One morning last October, Jean Narcy, a road mender of Haute-Marne, France, was riding to work on his bicycle. In a wheat field he saw a little whiskered man just under 4 ft. tall, who wore a fur coat, an. orange corset and a plush cap.
"Bonjour" said M. Narcy.
The little man muttered something like "I'll be seeing you." Then he jumped into a small (10 ft. in diameter) flying saucer, took off with a buzzing sound and disappeared into the clouds.
With Narcy's "hairy Martian" as a starting point, the French press ran wild, and a deluge of Martians has been raining down ever since. They have come in flying cigars, crowns, comets, winged mushrooms, even a flying chamber pot. Unlike Americans who have seen flying saucers, the French "sighters" paid little attention to the vehicles. They were more interested in the people from space.
The Martians were, anything but standardized. One who stopped M. Roger Barrault near the town of Lavoux had brilliant eyes, an enormous mustache, wore rubbers and spoke Latin. Another asked M. Pierre Lucas, a Breton baker, for a light. He was bearded and had a single eye in the middle of his forehead. M. Lucas could not remember what language he spoke.
Paralyzing Pygmies. As the Martian invasion of France proceeded, the invaders became more bizarre. A troup of pygmies in plastic helmets gamboled down a railroad track near Quarouble and transfixed M. Marius Dewilde with "a paralyzing beam of light." Some Martians were blue, others were yellow or pink. A traveling salesman of the Cotes-du-Nord saw a wonderful sight: a deep rose flying cigar from which stepped a zebra-striped Martian. As he alighted, he changed color, chameleonlike, from yellow to green.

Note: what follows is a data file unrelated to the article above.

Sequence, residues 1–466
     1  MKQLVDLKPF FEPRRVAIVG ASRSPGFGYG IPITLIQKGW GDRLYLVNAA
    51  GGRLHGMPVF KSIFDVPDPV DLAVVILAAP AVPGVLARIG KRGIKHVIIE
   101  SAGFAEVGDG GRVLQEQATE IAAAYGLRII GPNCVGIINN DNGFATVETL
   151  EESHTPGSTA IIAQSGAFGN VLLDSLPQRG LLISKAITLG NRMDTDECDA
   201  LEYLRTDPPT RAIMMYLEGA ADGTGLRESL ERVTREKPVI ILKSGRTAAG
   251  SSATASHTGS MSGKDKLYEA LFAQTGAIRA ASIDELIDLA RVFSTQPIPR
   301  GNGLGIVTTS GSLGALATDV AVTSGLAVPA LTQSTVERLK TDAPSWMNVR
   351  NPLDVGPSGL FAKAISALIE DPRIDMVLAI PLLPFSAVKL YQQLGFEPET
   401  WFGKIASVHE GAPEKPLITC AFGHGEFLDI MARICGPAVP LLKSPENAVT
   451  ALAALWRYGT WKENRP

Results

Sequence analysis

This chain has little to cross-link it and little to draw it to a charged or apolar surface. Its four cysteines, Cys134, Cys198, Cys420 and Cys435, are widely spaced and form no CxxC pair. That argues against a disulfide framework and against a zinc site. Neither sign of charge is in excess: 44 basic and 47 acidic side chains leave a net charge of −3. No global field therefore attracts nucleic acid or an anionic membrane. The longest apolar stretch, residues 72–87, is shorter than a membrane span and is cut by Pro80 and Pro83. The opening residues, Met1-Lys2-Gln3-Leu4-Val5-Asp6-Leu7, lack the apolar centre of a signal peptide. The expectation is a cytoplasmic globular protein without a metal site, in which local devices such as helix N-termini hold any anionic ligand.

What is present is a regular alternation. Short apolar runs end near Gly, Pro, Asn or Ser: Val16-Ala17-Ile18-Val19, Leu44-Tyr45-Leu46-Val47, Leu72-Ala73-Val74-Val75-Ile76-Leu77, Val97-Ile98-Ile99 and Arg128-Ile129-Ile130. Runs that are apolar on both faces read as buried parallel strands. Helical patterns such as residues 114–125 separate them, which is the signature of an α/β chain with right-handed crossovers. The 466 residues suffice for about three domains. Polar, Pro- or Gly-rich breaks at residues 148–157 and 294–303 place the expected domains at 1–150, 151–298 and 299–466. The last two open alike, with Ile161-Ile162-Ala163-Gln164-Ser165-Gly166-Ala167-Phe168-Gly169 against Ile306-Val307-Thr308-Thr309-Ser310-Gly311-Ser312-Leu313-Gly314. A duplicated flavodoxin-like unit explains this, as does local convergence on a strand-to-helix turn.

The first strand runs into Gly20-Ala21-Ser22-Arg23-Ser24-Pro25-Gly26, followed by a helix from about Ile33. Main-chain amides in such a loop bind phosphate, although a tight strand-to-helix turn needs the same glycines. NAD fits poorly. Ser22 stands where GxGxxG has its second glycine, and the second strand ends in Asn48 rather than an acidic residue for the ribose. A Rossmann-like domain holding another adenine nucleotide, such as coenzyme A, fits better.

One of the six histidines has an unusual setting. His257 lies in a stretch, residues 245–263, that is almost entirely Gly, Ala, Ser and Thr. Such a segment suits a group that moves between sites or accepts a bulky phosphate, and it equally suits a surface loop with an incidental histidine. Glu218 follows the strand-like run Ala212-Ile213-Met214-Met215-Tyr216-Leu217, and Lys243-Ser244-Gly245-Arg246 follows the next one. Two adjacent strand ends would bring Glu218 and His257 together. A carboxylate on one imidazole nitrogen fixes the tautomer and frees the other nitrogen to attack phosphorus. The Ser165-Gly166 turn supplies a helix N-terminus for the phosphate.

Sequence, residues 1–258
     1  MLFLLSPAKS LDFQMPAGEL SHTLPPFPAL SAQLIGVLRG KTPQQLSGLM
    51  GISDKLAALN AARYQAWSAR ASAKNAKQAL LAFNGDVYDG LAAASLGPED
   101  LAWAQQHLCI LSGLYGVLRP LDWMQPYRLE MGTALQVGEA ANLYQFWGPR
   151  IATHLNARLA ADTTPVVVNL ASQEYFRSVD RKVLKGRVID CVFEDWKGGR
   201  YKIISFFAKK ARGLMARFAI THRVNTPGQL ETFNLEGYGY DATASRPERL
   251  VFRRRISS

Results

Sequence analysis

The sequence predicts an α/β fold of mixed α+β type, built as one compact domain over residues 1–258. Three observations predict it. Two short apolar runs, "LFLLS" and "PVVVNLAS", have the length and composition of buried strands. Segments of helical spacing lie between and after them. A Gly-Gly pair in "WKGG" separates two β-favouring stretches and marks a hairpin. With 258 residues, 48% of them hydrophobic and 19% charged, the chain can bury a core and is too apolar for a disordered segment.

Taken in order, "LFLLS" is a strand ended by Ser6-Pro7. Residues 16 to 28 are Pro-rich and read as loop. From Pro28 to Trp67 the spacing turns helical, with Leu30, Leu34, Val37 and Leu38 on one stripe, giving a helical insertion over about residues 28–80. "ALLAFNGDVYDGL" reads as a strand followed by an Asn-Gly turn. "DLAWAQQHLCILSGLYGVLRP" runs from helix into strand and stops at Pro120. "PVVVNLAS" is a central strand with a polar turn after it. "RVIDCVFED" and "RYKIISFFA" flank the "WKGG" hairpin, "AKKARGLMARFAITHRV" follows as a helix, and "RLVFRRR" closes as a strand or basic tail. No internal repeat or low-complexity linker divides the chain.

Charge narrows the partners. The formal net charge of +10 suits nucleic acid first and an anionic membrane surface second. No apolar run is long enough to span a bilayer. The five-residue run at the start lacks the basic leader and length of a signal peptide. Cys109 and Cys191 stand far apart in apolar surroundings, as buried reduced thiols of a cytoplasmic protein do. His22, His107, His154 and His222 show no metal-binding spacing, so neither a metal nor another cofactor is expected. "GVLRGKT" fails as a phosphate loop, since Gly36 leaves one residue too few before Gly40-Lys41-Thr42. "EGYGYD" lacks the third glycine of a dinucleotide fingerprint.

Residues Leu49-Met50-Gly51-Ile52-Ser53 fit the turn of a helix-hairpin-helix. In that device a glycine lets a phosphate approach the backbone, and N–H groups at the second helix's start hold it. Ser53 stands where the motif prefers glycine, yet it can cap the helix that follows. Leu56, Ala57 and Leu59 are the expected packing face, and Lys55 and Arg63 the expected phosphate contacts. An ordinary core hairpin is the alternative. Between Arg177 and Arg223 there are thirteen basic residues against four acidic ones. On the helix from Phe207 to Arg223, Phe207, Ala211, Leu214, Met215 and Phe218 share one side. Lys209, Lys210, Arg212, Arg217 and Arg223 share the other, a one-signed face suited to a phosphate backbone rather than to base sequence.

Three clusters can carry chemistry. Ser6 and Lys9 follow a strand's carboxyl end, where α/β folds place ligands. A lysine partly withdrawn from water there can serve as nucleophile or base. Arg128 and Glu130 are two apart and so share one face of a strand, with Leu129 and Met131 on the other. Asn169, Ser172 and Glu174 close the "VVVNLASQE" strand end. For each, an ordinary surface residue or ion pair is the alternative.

The Martians marched en masse into French affairs. Cartoonists welcomed them delightedly (see cuts). As they multiplied, they even gained respectability. Le Figaro reported: "Counsellor General of Alpes Maritimes greets flying saucers' first appearance on the Cote d'Azur." France Soir announced that "a daily flying-saucer service seems to have been established between Marais Poitevin and La Rochelle." A man from space even made the social columns of Paris Presse: "Mustached Martian spends weekend at Vienna." Angry deputies asked questions in Parliament. Air Force authorities (even as in the U.S.) were badgered for explanations.
Before the many-colored Martians rained down on France, famed Swiss Psychiatrist C. G. Jung was asked what he thought about the saucer epidemic.
"Something is being seen," said Jung. "What is seen may be, in the case of a single observer, a subjective vision (hallucination). In the case of several or many observers, it may be a collective vision. Such a psychic phenomenon . . . could be a spontaneous reaction of the subconscious to the present conscious situation: the fear of an apparently insoluble political situation in the world ... At such times eyes turn heavenwards . . . and miraculous forebodings of a threatening or consoling nature appear from on high."